Good Leaders Read…A Lot

Educators know that reading is power.  I’ve been reading What Connected Leaders Do Differently by Todd Whitaker, Jeff Zoul, and Jimmy Casas. It’s a solid read with an american focus, and I’ve found some great nuggets.

Here’s one: great leaders read all the time.

Photo Credit: The Fresh Feeling Project* Flickr via Compfight cc

Great leaders also always seek to improve. They want to learn and to get better. They’re never satisfied with good enough. Reading is part of that continuous improvement. How else can you explore new ideas and create new schema?

I read a lot, mostly at night or on the weekends. I have a paper book on the nightstand (no screens before bed!) and spending 15 – 20 minutes winding down helps me on two fronts: I can take my mind away from the whirlwind of the day and read something of interest.

What do you do to amp up your reading?

A Simple and Powerful Leadership Truth

We love to ask grand questions. What was your best day ever? What was the worst part of your vacation? What is your favourite book of all time? These kinds of questions can be great conversation starters, but I always have trouble answering them. How can I choose one book of the hundreds I’ve read?

Then last December, Will Gourley posed a big question through a #tweetthehalls hashtag. (It’s a fun idea that promotes lots of interaction on Twitter.) Day 2 was to share your best new learning so far this school year. I jumped right in! Here’s my tweet:

Since then, I’ve also come to realize that making assumptions about anything is a pitfall. You might ask why it’s taken me so long to come to this. After all, that old chestnut says, “Don’t assume, because you make an ass…”, you know the rest. I think agreeing with a statement and understanding the impact of that behaviour are two different things.

An example might illustrate this better:  this year, I’m involved in a Pupil Accommodation Review, a government process initiated by trustees that takes a close look at a group of schools to decide what is needed in that area of city – consolidation, renewal etc. It’s where trustees can decide to build or close schools in the city. I’m facilitating this technical yet highly emotional process with a group of parents, staff and community members to provide advice to trustees before they make their final decision. And I can’t make any assumptions.

I’m immersed in the daily business of education at central office as well as the work of the Board of Trustees. I know the policies, background to decisions, staffing, and pretty much the inner workings of how it all happens. That informs my reactions and decisions. But of course, the committee mostly has none of that. So I can’t assume that they understand how decisions are made or how schools really work.  And why would they? They are immersed in their own contexts, whether at work or at home. So I have to explain clearly and make sure they have the information they need.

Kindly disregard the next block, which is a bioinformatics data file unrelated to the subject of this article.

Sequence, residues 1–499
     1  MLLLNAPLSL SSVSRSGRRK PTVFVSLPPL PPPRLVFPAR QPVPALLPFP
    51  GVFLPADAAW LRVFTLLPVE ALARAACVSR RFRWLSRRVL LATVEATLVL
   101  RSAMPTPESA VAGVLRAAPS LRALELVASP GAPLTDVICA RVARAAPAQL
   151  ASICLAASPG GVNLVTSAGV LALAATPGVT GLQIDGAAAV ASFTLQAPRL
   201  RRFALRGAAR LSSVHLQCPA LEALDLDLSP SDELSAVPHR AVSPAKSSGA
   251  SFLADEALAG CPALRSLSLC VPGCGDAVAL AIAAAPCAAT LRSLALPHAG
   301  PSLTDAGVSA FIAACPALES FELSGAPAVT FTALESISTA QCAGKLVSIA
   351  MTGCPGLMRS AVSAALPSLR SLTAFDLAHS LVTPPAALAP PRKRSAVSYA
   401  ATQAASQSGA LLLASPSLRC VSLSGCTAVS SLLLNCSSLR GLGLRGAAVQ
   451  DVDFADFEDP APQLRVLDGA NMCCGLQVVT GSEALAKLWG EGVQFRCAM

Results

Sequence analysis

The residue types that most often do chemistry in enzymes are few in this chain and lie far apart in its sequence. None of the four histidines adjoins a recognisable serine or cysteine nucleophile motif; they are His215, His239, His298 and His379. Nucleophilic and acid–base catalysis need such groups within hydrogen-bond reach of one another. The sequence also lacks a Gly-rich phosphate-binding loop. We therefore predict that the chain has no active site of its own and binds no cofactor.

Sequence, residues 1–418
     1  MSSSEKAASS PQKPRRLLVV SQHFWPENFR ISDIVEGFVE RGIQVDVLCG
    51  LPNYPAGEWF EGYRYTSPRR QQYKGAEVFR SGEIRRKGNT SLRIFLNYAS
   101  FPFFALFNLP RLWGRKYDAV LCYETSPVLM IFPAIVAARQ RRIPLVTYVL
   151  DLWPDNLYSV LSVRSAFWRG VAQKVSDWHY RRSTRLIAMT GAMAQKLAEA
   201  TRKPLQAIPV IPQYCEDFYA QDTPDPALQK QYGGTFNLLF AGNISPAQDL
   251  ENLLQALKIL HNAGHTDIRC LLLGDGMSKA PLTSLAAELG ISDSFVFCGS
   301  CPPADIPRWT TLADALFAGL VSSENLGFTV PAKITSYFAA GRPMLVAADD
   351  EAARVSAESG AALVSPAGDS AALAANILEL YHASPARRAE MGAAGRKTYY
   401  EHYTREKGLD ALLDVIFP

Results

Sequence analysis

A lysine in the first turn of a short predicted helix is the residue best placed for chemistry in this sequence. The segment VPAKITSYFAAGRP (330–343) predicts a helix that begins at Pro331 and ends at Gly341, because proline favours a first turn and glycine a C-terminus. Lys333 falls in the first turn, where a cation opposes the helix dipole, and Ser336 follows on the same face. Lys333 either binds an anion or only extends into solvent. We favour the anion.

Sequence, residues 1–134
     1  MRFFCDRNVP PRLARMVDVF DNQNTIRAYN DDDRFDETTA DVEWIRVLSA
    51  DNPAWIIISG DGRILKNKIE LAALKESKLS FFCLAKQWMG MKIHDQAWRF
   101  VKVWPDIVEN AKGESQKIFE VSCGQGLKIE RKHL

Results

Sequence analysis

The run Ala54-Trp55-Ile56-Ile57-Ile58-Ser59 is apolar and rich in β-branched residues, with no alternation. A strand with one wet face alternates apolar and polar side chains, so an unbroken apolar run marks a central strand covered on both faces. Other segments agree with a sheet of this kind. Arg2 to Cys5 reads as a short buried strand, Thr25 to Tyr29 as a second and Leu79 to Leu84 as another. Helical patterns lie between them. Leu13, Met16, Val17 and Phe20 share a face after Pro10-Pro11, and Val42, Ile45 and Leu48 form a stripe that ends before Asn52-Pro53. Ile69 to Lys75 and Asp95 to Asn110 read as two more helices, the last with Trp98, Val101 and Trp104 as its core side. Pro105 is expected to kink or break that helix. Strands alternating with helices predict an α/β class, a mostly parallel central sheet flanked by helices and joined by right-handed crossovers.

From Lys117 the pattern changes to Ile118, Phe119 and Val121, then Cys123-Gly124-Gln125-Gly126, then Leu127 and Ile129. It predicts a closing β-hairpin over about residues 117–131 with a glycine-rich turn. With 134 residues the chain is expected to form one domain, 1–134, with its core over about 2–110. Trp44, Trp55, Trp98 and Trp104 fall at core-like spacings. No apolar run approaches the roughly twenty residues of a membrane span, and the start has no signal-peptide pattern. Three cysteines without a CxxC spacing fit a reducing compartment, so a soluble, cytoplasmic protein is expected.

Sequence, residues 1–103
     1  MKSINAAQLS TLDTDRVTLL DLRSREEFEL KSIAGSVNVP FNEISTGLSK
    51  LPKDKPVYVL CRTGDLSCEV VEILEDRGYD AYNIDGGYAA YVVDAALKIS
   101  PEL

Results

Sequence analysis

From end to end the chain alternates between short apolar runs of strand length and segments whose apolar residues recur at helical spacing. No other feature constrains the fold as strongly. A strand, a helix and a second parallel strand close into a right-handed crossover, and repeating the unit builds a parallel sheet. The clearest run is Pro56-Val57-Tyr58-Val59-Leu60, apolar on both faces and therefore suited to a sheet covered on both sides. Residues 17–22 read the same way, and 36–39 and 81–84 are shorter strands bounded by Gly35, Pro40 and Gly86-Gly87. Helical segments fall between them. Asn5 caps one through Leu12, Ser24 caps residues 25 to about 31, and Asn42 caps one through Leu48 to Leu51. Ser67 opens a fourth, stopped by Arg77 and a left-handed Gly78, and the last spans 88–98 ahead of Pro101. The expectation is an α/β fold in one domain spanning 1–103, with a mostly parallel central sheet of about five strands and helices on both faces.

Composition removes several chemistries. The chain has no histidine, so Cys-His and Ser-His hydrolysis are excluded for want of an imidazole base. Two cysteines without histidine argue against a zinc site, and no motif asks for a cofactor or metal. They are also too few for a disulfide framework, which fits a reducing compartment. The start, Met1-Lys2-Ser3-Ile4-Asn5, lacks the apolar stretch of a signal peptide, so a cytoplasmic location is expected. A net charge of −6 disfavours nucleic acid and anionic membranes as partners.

The need for setting context, checking in and explaining can be linked to the difficulty of communication. We’ve all experienced how hard it can be to truly make yourself understood. Because we cannot truly know what others are thinking and feeling, unless they tell us, we are often guessing how our messages are received – guessing through facial expression, body language, and words we hear. And all that is filtered through our own experiences and bias.

I’ve read many leadership articles and books that urge over communication and understood that on an intellectual level – sure, sounds great! Good idea. But now I’m getting it in a deeper, more visceral way. I’m paying more attention and seeing this powerful leadership truth. We all need repetition and explanation. All the time.

Phone vs. Email – You Know Which One Is Better, Right?

Photo Credit: Joe The Goat Farmer via Compfight cc

Photo Credit: Joe The Goat Farmer via Compfight cc

My work world revolves around email. I wish it wasn’t that way. Email is a time sucker. Email is never ending. And worst of all, email is void of tone or context. So the people who read your emails have to guess what tone you might be going for. There are some solutions to this: you can litter your emails with ellipses, exclamation marks and emojiis to convey friendliness or thoughtfulness. That’s pretty much it.

You might think that I had learned this lesson already in my 25+ year career. I guess I’d thought so, too. We’d both be wrong. Just recently, I made a mistake with an email. What I thought was clear and thoughtful, even supportive, was not interpreted that way. The recipient totally called me out – “Sue, why didn’t you just pick up the phone and call me?” And you know what, they were completely right. I should have called.

Photo Credit: DenisGiles via Compfight cc

Photo Credit: DenisGiles via Compfight cc

The trouble is, when I have a potentially difficult call to make where the other person may be upset, hurt or angry, it does seem easier to email. Jimmy Casas, a secondary school principal in Iowa who I have mentioned before, recently wrote a post ”  Phone Calls Home: “I’m Not Going to Lie… They Scare Me.”  It’s a great post, because we can all relate. Jimmy also offers some thoughtful solutions to the problem. The reality is that while it might seem less risky to carefully craft an email, often it can make a situation worse where the original difficult issue still exists, but now it’s compounded by lack of trust. Ouch! We all know that a phone call or a face to face conversation is best. Sometimes it’s hard.

So now I pick myself up, dust myself off and vow to do better. More phone calls than emails. If you see me around, can you please remind me??